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America’s deadliest mountains revealed – and the terrifying risks all hikers, climbers and skiers must know

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America’s deadliest mountains for hikers, climbers and skiers have been revealed – with the nation’s highest peak topping the list.

Volatile weather conditions, unstable terrain and high altitudes make the peaks dangerous and unpredictable, regardless of how well prepared visitors are. 

The most dangerous is Denali in Alaska with 96 fatalities and 341 accidents since 1947, according to the new study by Dr Emma DeLoughery for High Altitude Medicine and Biology. 

In second place is Mt Rainier in Washington with 87 deaths and 167 accidents, followed by Mt Hood in Oregon with 47 deaths and 93 accidents. 

Across all of the mountains, the majority of people died after falling while hiking but some were killed by falling rocks or avalanches. 

The most dangerous is Denali in Alaska with 96 fatalities and 341 accidents since 1947

The most dangerous is Denali in Alaska with 96 fatalities and 341 accidents since 1947

DeLoughery’s study gathered and analyzed the number of incidents on each peak between 1947 and 2022, looking for seasonal and demographic trends. 

They found that the most dangerous mountain in the US was Denali, which at over 20,000 feet is the highest peak in North America. 

Accidents included falls, frostbite, injuries resulting from avalanches, slipping into crevasses and altitude sickness.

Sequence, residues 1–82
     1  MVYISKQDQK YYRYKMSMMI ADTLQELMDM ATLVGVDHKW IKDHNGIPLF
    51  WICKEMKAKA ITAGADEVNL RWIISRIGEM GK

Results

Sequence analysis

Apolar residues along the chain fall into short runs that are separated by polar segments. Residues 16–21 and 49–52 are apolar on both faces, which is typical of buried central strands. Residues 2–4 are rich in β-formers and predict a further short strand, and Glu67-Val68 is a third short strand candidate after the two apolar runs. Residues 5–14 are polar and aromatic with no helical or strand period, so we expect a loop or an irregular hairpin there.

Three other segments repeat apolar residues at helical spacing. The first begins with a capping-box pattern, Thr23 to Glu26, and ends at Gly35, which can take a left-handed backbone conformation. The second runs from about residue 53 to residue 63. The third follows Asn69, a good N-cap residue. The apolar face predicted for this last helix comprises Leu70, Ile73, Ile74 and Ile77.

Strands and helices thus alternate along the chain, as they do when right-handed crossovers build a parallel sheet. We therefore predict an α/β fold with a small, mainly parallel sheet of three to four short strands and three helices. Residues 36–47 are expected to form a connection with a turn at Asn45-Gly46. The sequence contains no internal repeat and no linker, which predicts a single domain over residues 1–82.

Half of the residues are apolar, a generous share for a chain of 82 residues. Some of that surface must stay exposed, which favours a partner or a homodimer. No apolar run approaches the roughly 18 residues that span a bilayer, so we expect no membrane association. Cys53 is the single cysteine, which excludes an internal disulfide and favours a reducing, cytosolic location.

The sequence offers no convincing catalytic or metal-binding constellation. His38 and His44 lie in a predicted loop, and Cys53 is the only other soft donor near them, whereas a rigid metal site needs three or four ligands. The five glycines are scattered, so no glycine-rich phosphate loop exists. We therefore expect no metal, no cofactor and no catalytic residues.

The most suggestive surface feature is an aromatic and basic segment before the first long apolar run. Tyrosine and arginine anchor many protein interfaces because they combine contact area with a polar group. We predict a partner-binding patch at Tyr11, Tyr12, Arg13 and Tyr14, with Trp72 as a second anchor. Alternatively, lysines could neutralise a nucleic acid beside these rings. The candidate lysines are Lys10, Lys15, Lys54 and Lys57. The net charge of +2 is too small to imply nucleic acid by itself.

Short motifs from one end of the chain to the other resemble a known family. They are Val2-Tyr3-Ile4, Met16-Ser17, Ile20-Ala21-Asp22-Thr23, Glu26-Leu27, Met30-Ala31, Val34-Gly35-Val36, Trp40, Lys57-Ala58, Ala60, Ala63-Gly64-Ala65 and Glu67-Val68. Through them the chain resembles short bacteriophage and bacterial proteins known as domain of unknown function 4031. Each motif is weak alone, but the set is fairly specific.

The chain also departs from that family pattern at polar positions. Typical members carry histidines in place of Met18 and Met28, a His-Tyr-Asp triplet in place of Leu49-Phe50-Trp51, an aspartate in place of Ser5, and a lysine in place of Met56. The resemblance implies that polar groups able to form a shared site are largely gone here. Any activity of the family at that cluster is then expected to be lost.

DeLoughery told The Boston Globe: ‘Accidents can happen to anyone at any time.’ 

She said she was most surprised by how well-prepared many of the victims were.  

‘We didn’t specifically collect data on this, but after reading literally thousands of these reports, I was very struck by how frequently individuals involved in the accidents were described as experienced, knowledgeable, very well prepared.’

Most of the victims, 82 percent, were men and the majority of them were young. 

Last month, a mountain climber died in Denali National Park and their companion was seriously injured after falling nearly 1,000ft from the summit of Mount Johnson.

The two-person team had been climbing the 8,400-foot peak in the Denali National Park. 

Both individuals had been roped in and were ascending a route on the peak known as ‘the Escalator’, a steep, technical climb on the southeast face of the mountain.

Another climbing party witnessed the fall and alerted the Alaska Regional Communication Center shortly before 11 pm.

The climbing party who saw the fall then descended to reach the two climbers, confirming that one of them had died. 

Standing at just 6,288 feet above sea level, Mount Washington in New Hampshire had the fourth most fatalities. 

The extreme cold and wind make the ascent treacherous for even experienced climbers. 

‘Winter conditions exist on Mount Washington through the early summer,’ Lieutenant Robert Mancini Jr. of the New Hampshire Fish and Game Department told the Boston Globe

Nearly each season, the summit experiences about 280 inches of snowfall, with wind-blown snow piling up to the depths of 10 to 40 feet in the east-facing ravines. 

The summit has recorded temperatures as low as -50°F (-46°C) and an estimated wind chill of -102°F was recorded in January 2004. 

Mt Rainier in Washington was the second most deadly mountain with 87 deaths and 167 accidents

Mt Rainier in Washington was the second most deadly mountain with 87 deaths and 167 accidents

According to data, Mount Washington is tied for the fourth deadliest and eighth for accidents causing injuries in comparison to other American peaks

According to data, Mount Washington is tied for the fourth deadliest and eighth for accidents causing injuries in comparison to other American peaks